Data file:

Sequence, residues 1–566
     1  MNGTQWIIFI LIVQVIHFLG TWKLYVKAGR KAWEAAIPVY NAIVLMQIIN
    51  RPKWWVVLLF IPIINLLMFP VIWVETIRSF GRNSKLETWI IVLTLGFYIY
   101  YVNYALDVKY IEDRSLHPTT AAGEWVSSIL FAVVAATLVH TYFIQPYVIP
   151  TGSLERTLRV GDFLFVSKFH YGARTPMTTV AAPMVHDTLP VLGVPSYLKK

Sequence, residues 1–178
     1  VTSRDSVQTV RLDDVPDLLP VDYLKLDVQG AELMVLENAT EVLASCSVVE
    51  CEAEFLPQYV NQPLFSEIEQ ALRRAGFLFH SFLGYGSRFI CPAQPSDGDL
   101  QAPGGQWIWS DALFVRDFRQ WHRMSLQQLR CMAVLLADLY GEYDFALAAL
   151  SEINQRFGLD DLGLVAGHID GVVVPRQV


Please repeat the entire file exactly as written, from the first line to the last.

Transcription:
Sequence, residues 1–566
     1  MNGTQWIIFI LIVQVIHFLG TWKLYVKAGR KAWEAAIPVY NAIVLMQIIN
    51  RPKWWVVLLF IPIINLLMFP VIWVETIRSF GRNSKLETWI IVLTLGFYIY
   101  YVNYALDVKY IEDRSLHPTT AAGEWVSSIL FAVVAATLVH TYFIQPYVIP
   151  TGSLERTLRV GDFLFVSKFH YGARTPMTTV AAPMVHDTLP VLGVPSYLKK

Sequence, residues 1–178
     1  VTSRDSVQTV RLDDVPDLLP VDYLKLDVQG AELMVLENAT EVLASCSVVE
    51  CEAEFLPQYV NQPLFSEIEQ ALRRAGFLFH SFLGYGSRFI CPAQPSDGDL
   101  QAPGGQWIWS DALFVRDFRQ WHRMSLQQLR CMAVLLADLY GEYDFALAAL
   151  SEINQRFGLD DLGLVAGHID GVVVPRQV